For I’se still goin’, honey,
I’se still climbin’,
And life for me ain’t been no crystal stair.

So leave some trails alone y’all. Accept that there are places you aren’t ready to go, risks you aren’t willing to take, pain you don’t want to accept. Real “flow” as you call it, is revealed like character. You can’t fake it all the time.



I saw a small group of riders clustered at the bench by the trail-head as I climbed the winding path from the parking lot. My plan was to stop, set the clock, and proceed to disappoint myself with another lackluster time trial effort. I didn’t really care about the clock part. It is just something to take my mind off of hard things, and have a reason to dig into the soreness.

I recognized his profile from a hundred dusky yard out. We call him Big Worm, but to be honest, he deserves better. Just the sight of him caused me to bring my knees and elbows in, straighten my back, check my right calf for rookie marks, and downshift to a high tempo spin, in other words- polish up my act. Flanked by five guys ranging from 16- 50+, all of them stone cold trail mercenaries, I un-clicked with a big smile. It’s good to be seen on the trail sometimes, by people who understand what it is all about. Lucky for me they had just finished a “hot lap” so they were ripe for a cool-down.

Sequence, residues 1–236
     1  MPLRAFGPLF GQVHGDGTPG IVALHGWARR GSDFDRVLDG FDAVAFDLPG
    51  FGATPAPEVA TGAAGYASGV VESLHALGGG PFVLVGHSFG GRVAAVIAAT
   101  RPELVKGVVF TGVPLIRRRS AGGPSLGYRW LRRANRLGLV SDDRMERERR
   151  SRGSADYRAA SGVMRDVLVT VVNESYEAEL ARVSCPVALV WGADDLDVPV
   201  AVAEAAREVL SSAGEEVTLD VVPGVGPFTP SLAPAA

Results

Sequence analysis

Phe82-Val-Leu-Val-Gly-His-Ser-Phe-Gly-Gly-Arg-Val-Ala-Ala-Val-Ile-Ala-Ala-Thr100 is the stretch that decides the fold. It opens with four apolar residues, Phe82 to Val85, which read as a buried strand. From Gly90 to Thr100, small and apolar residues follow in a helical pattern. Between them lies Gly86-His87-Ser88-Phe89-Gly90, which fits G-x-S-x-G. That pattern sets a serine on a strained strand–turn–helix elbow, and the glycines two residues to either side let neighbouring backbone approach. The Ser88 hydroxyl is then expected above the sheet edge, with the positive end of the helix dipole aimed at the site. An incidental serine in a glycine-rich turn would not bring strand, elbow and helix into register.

There are some classic wheels to follow in this town on road and trail, but none are better than Worm’s. With no debate we insisted he lead out and the rest of us fell in like baby ducks. I don’t think I know what the issues are, but confidence must be part of it. Knowing that you are riding a fast enough pace to keep everyone occupied, but not so fast that anyone falls out or blows up, is a hard thing. Most guys I ride with, including myself, take riding point as a direct challenge and pretty much “go ’til we blow.” It’s only fun for the first 8 minutes, then it can get lonely.

We almost piled up when a Pygmy Rattler crossed our little peloton. In our scramble to avoid the threat, we failed to see it now pinned beneath a front tire, until a slight shift set it free to shoot for the tall grass. Seeing snakes on the trail is a gift. Not seeing snakes on the trail is the concern. Snake season is almost over around here, and the Grey Fox Squirrels come out to reign. I’ve seen both snake and squirrel in a matter of days as everything handles their plan for winter business.

It wasn’t the fastest ride (nor the slowest by far!) and it wasn’t the longest ride, but it was the ride I needed last night. Bunny-hopping rollers in the near dark on the way to the parking lot I had a mindless moment- an infinite split-second vacation- where there was only this wheel now that wheel, released from the earth then reclaimed by it greedily.


The Ride

Let this post just be about the ride.

September steam and tree farm rows, carpeted with copper needles and pressed down by mid-night rain. Let it just be about three boys hidden down inside three men, turning and turning and turning and turning their pedals over again. Let this one post not be about life or death, just another batch of words.

Not deep, nothing heavy, crossed some fences undetected. Torn by smilax, gorged on by ticks, bikes fall away. We float through the mist.

I can hardly breathe because the air is so thick, but it is just another bike ride- feel the burn, light the wick.